Scientists are attempting the world’s first IVF treatment to save the northern white rhino whose numbers have plummeted to just three.
Wildlife lovers and conservationists are now making a last-ditch attempt to save the critically endangered northern white rhino from extinction.
Scientists and fertility experts at Longleat Safari Park in Wiltshire are attempting the world’s first IVF treatment to save the northern white rhino whose numbers have plummeted to just three after decades of poaching.
The three remaining northern whites all live under armed guard in Kenya and are too old to naturally reproduce..
Back in the 1960s there were around 2,000 northern white rhinos in the wild, but they were all wiped out by poachers for their ivory in three decades of poaching.
So in an effort to save the endangered subspecies scientists have extracted eggs from three southern white rhinos, a more common breed, to make the first test-tube rhinos.
The nine eggs extracted from female southern rhinos have been transferred to a laboratory in Italy to mature before they are fertilised with southern rhino sperm to hone the IVF process, before it is attempted in the rarer northern species.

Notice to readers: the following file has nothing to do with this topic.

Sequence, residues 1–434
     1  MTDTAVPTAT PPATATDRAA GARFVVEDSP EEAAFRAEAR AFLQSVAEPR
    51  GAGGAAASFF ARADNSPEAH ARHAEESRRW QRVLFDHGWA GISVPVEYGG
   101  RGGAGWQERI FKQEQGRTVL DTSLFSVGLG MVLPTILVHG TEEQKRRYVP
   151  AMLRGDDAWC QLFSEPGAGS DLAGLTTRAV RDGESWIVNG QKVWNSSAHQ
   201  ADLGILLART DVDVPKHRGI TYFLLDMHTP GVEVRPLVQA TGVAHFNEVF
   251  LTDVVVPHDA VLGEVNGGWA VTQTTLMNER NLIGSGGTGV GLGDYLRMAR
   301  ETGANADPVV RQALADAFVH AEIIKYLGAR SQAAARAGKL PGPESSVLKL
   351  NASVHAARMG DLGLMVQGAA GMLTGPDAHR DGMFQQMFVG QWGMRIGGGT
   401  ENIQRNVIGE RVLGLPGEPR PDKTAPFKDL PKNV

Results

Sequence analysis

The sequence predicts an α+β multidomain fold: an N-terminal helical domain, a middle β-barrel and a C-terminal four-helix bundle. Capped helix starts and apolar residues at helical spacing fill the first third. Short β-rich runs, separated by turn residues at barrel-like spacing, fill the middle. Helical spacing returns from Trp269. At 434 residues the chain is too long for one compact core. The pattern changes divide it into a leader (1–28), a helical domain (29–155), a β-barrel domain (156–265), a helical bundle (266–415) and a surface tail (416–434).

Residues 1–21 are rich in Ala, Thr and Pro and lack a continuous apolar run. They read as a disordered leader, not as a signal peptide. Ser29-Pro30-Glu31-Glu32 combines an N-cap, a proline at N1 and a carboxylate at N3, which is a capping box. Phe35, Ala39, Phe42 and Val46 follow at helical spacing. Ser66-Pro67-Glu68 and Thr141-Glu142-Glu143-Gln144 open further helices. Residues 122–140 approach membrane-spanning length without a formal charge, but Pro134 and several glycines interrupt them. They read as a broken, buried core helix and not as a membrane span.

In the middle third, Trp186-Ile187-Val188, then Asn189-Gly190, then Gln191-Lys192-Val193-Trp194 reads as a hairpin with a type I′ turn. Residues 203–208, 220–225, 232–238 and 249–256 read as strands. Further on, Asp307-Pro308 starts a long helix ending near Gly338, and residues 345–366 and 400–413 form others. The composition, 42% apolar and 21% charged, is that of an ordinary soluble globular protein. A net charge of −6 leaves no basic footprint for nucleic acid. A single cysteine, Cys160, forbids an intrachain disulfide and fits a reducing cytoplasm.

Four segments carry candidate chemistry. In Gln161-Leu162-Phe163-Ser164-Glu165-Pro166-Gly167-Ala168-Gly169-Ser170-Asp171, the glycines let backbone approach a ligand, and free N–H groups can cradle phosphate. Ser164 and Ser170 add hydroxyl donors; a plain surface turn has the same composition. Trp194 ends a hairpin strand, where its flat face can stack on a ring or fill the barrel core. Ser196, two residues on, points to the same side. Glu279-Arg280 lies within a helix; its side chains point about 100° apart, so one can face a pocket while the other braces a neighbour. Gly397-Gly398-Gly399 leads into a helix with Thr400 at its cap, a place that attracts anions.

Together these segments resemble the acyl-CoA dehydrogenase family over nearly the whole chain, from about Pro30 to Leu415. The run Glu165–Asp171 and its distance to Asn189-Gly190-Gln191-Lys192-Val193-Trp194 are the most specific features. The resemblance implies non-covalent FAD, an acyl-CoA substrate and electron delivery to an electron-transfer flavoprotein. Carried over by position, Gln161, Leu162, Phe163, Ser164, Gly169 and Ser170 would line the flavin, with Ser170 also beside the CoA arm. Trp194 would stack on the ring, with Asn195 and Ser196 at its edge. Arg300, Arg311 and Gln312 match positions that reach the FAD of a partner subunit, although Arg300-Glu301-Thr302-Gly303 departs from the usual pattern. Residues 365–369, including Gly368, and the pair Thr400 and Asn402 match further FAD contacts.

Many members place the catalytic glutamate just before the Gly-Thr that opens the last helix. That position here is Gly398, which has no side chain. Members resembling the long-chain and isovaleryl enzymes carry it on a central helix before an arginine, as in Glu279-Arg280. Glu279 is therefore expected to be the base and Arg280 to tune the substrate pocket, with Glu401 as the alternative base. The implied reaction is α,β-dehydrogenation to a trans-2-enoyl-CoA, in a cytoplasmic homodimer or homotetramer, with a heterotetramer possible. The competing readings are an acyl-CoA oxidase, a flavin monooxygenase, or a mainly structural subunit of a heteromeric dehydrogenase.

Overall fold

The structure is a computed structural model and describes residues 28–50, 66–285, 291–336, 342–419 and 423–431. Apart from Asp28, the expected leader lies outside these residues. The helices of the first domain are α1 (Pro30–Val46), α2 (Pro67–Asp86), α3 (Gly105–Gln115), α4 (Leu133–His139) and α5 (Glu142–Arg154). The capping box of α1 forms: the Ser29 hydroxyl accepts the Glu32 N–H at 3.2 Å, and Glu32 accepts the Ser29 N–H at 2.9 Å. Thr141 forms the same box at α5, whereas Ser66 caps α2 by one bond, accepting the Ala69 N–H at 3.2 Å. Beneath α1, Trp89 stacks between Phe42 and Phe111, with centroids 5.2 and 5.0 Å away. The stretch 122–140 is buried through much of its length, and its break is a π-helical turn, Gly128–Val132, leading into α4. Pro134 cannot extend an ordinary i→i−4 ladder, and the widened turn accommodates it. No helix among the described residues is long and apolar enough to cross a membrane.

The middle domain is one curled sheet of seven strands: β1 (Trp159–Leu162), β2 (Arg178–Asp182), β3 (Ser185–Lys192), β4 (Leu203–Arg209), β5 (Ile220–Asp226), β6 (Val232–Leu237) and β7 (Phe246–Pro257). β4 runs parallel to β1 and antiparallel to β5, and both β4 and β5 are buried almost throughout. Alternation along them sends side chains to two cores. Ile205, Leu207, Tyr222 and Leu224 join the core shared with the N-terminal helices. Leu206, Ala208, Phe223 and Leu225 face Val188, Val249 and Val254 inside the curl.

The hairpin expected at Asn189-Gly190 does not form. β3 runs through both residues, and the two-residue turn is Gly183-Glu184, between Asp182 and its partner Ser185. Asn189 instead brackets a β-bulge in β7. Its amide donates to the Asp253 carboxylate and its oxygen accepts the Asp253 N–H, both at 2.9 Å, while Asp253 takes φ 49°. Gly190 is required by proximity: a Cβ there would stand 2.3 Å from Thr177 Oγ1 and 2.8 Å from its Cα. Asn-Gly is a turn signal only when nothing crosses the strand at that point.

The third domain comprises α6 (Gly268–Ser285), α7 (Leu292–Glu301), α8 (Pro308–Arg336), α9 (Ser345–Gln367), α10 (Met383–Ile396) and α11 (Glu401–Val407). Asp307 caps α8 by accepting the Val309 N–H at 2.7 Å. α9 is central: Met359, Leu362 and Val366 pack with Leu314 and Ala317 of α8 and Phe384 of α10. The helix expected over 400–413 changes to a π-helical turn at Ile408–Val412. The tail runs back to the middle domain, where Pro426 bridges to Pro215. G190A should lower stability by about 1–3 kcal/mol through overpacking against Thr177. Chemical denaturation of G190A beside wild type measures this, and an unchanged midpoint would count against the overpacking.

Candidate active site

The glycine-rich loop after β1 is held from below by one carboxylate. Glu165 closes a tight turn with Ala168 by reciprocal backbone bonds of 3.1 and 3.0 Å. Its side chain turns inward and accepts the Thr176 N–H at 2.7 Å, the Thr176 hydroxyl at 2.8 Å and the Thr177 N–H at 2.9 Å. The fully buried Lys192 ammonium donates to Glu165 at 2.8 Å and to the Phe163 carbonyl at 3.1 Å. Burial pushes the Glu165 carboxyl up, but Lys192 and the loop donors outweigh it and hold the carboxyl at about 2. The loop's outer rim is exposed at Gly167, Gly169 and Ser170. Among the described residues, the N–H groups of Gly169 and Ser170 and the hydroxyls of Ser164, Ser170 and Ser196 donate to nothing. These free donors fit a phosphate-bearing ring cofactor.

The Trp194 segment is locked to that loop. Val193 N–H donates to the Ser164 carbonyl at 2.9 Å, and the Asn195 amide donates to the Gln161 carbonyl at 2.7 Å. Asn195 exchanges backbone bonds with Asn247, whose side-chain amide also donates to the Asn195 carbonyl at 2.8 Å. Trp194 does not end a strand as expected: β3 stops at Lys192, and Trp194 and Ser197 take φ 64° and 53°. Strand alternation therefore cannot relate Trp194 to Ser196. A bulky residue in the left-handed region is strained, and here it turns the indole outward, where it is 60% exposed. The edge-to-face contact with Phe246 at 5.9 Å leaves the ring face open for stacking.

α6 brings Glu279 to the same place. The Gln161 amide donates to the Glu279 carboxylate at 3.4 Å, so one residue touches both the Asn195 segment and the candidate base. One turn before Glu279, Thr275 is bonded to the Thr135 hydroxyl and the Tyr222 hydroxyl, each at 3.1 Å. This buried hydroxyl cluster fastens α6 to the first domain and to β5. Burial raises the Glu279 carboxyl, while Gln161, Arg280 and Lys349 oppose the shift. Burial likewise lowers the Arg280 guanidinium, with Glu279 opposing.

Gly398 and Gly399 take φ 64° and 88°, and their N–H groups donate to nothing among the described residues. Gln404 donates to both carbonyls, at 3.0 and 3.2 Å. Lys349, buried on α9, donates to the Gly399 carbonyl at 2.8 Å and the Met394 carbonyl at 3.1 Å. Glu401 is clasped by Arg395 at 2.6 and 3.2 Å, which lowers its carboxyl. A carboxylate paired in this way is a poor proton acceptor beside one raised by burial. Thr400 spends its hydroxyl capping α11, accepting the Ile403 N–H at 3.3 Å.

The last remaining northern white male, Sudan, is 43-years-old and reaching the end of his life. Both surviving females have medical problems which prevent them from conceiving naturally.
If all goes well northern rhino sperm and eggs will be harvested from the remaining members of the species but because there are limited amounts to extract from these animals, IVF in more common southern rhinos is being tested first.
And if they cannot make a pure bred test-tube northern white rhino, they will try to create hybrid animals from sperm and eggs of the two closely related species.
If the treatment proves successful it is hoped it could be used alongside conservation programmes to help boost numbers of other highly endangered species.
However experts admit this last-ditch attempt to save the northern white rhino could end in 'failure' because of the complexity of using IVF treatment on a two tonne animal.